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Recode Daily: Yesterday, Trump said he’ll send up to 4,000 more troops to Afghanistan; tonight: A rally for himself in Arizona

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Plus, a digital media veteran takes over the LA Times, CNN launches a daily news show on Snap, and how do you follow totality?

President Trump returns tonight to a deeply divided Arizona for a nighttime rally with his core supporters in Phoenix. The state’s two senators, John McCain and Jeff Flake, are among Trump’s most vocal critics within the Republican Party. Last night, Trump gave a speech — his first nationally televised prime-time address since January — outlining a new strategy to carry on the nearly 16-year-old conflict in Afghanistan, which will likely call for the deployment of up to 4,000 more U.S. troops. [CNN.com]

Digital media veteran Ross Levinsohn is the new publisher and CEO of the Los Angeles Times. Levinsohn made his digital reputation by helping News Corp acquire Myspace in 2005, and he ran Yahoo for a stretch; this is his first newspaper. His appointment is part of the paper’s latest restructuring under management by the Tronc conglomerate, which also resulted in the firing of several top editors. [Peter Kafka / Recode]

In an effort to get more video in front of more young people, CNN launched a daily news show exclusively for Snapchat. NBC launched a twice-daily news show on Snapchat last month; CNN’s three-to-five-minute “The Update” will run every day at 6 p.m. Meanwhile, teens are leaving Facebook faster than expected, according to a new study — but lots of those teens are turning to Instagram, which Facebook owns. The study also predicts that Snapchat will be bigger than both Facebook and Instagram in the 12- to 17-year-old and 18- to 24-year-old categories by the end of the year. [Kurt Wagner / Recode]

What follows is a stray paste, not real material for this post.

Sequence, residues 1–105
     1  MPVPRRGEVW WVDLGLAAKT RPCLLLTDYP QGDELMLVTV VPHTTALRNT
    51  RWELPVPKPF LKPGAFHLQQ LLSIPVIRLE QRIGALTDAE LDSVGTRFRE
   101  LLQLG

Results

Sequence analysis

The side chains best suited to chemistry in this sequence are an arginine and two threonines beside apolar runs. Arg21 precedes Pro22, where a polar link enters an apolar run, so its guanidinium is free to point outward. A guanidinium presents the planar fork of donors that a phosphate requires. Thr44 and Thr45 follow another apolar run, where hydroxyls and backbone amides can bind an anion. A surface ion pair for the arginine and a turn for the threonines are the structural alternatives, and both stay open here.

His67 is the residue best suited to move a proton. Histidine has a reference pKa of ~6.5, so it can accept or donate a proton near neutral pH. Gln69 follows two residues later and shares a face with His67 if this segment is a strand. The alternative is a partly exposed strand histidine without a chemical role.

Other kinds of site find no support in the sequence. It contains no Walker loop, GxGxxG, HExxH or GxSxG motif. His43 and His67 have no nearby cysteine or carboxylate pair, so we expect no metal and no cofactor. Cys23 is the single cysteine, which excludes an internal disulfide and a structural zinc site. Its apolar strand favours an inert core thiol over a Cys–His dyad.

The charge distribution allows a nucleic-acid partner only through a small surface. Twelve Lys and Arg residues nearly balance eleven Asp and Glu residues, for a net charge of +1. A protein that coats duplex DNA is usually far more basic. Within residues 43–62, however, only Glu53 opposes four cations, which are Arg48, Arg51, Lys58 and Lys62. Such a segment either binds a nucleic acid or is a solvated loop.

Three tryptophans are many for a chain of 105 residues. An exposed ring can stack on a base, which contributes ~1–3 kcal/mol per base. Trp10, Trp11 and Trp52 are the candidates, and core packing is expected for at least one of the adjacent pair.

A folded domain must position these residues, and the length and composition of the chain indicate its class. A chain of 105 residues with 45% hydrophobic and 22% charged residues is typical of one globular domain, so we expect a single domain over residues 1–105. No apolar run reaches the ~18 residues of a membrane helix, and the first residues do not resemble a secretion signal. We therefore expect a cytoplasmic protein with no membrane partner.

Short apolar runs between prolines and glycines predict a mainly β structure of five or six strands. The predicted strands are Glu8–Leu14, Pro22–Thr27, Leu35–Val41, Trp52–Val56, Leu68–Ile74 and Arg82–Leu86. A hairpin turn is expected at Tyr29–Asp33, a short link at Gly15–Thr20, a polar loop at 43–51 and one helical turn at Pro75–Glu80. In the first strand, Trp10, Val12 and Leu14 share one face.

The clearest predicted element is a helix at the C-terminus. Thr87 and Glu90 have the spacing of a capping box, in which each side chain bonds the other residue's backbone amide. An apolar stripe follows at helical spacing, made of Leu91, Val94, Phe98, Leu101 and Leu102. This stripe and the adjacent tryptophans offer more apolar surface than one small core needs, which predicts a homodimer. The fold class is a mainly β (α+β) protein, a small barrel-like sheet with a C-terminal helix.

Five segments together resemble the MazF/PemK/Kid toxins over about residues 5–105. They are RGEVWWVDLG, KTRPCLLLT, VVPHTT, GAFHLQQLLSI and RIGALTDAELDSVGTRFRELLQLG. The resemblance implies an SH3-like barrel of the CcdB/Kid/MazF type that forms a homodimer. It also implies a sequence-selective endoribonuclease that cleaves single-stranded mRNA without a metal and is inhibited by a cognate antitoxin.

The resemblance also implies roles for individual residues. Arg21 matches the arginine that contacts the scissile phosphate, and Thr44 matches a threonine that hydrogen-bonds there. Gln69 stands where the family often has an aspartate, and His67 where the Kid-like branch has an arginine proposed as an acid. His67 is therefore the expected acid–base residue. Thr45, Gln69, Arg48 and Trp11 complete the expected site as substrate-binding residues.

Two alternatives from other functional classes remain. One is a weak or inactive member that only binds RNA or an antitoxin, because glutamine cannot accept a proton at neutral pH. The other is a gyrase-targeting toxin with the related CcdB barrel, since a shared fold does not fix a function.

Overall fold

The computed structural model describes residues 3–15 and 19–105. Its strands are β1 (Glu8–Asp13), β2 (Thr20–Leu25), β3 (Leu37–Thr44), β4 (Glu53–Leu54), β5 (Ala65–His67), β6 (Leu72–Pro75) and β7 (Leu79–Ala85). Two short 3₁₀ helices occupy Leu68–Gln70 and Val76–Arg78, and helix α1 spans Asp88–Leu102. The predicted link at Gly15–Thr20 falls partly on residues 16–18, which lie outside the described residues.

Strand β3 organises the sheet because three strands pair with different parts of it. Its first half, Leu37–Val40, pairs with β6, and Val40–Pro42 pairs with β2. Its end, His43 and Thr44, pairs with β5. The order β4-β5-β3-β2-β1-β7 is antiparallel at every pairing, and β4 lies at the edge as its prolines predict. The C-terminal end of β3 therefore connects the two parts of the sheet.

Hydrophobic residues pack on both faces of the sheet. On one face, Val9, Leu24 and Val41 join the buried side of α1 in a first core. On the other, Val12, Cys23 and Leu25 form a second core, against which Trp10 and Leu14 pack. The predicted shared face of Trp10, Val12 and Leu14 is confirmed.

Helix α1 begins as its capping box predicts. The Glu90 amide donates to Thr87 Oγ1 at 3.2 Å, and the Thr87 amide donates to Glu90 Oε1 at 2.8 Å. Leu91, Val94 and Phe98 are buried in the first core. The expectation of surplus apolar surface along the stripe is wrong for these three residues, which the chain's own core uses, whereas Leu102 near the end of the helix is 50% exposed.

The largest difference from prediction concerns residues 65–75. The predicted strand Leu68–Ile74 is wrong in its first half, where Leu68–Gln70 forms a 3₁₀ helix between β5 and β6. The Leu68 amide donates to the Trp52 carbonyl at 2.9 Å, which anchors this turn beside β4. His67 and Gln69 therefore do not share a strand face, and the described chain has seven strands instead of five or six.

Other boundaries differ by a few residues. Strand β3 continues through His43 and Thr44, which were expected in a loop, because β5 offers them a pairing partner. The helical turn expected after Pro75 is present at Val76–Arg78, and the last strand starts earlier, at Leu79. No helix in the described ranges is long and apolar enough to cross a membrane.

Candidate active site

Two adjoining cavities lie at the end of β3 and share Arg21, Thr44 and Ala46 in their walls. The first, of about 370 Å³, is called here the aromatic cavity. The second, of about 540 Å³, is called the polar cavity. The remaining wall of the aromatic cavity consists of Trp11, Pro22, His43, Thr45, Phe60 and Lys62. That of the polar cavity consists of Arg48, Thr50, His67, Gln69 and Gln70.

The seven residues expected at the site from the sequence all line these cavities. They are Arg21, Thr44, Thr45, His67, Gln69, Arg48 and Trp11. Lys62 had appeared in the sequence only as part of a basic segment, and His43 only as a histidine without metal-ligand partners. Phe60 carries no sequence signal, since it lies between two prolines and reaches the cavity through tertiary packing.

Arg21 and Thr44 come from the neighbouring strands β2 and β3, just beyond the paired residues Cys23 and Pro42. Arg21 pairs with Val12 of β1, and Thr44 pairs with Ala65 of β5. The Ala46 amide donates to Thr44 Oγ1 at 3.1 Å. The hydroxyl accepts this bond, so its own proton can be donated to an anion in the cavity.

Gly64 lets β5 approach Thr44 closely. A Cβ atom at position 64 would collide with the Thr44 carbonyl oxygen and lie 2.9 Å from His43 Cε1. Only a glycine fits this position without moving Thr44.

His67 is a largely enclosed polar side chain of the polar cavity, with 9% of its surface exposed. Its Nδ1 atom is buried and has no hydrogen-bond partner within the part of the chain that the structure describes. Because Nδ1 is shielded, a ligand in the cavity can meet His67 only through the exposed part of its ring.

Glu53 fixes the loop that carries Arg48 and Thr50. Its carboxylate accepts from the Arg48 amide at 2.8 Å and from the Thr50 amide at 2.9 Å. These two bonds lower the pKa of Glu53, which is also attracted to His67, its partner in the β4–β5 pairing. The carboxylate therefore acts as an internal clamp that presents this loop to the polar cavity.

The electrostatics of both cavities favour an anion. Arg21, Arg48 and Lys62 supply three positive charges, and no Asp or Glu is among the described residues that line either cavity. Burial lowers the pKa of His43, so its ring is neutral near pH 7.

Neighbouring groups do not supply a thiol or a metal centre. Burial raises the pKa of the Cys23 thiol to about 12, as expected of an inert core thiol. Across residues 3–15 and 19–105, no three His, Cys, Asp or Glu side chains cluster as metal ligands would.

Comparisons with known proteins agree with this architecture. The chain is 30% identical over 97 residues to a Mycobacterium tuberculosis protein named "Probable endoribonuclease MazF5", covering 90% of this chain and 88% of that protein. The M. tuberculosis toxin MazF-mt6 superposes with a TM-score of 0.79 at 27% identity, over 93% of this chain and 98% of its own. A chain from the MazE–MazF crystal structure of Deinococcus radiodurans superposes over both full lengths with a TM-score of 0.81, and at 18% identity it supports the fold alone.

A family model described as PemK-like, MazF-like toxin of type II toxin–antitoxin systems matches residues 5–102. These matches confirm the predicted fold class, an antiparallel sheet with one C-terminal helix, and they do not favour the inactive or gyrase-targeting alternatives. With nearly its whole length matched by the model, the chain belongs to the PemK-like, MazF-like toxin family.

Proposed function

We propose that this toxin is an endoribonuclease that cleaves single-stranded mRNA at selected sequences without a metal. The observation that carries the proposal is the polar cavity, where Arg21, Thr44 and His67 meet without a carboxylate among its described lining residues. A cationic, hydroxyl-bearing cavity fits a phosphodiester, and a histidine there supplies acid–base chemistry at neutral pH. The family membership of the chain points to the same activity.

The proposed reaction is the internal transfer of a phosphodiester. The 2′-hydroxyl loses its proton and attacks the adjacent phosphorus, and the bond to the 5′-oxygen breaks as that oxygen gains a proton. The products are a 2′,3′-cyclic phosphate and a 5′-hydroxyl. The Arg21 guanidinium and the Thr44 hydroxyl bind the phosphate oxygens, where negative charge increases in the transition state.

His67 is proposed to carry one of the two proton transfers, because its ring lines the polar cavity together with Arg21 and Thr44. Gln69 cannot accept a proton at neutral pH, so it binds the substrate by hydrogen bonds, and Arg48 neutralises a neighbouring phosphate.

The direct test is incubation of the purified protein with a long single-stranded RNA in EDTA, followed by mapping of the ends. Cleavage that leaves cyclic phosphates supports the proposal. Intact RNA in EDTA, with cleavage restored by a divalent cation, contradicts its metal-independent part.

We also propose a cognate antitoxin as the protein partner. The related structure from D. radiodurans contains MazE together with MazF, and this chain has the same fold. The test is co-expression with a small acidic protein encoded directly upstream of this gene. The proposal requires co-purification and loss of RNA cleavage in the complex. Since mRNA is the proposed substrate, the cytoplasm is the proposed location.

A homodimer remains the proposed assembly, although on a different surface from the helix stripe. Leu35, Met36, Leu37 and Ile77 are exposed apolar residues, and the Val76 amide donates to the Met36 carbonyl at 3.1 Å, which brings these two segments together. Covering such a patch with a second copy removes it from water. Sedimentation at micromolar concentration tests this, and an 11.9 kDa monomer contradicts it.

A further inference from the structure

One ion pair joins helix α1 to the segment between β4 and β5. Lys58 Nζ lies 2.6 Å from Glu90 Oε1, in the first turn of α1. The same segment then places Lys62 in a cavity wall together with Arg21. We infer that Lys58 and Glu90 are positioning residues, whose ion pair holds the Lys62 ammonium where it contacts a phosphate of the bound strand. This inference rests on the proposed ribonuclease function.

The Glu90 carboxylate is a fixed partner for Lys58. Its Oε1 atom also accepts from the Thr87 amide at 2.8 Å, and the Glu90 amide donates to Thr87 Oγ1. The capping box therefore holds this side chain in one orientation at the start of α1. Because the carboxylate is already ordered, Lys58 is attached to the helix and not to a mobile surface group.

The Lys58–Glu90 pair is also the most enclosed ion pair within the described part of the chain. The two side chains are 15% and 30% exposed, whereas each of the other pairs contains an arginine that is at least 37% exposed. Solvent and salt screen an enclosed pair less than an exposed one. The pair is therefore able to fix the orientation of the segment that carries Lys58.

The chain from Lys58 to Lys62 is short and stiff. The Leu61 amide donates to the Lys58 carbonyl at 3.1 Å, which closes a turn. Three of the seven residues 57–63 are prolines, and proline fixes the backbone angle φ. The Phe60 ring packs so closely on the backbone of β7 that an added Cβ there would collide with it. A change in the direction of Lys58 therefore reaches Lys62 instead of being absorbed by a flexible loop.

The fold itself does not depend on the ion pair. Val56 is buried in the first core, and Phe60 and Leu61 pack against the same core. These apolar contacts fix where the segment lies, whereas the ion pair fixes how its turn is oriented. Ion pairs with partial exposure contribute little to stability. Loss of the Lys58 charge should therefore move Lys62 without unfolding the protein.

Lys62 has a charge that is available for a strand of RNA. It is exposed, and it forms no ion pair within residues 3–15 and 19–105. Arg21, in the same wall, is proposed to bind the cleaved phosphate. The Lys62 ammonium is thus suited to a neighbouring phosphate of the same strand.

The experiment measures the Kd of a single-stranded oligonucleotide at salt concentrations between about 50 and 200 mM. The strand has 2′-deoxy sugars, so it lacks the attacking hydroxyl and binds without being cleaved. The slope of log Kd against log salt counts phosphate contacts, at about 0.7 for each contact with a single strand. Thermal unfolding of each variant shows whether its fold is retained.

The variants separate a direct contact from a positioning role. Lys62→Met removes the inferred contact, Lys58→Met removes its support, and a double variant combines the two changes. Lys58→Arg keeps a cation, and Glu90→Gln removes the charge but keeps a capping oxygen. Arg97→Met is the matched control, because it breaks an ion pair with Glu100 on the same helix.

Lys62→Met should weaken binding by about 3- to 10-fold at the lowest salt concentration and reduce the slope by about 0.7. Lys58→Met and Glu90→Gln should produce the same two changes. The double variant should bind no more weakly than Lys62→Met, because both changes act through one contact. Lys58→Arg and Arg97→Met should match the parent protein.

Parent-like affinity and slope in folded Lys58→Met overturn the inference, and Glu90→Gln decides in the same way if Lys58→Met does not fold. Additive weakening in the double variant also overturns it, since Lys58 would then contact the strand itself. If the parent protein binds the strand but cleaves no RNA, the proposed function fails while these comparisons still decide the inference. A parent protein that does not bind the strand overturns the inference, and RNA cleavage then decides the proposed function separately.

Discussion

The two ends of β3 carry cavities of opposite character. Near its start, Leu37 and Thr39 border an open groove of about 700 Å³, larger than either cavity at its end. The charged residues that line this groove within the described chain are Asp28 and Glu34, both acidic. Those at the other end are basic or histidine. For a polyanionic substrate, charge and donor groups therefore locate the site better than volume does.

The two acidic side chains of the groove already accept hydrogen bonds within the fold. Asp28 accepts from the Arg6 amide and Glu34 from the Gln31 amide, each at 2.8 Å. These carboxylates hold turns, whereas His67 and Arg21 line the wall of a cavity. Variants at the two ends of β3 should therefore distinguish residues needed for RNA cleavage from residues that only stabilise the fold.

Facebook has made a permanent page for Safety Check, its feature for letting others know that you’re safe during an emergency. The dedicated tab, which will roll out in the next few weeks, lists catastrophes and crises all over the world. [Jacob Kastrenakes / The Verge]

Smartphone “hijackings” are on the rise: In a growing number of online attacks, hackers are calling up carriers and asking them to transfer control of a victim’s mobile phone number to a device under the control of the hackers; they can then reset the passwords on every account that uses the phone number as a security backup. [Nathaniel Popper / The New York Times]

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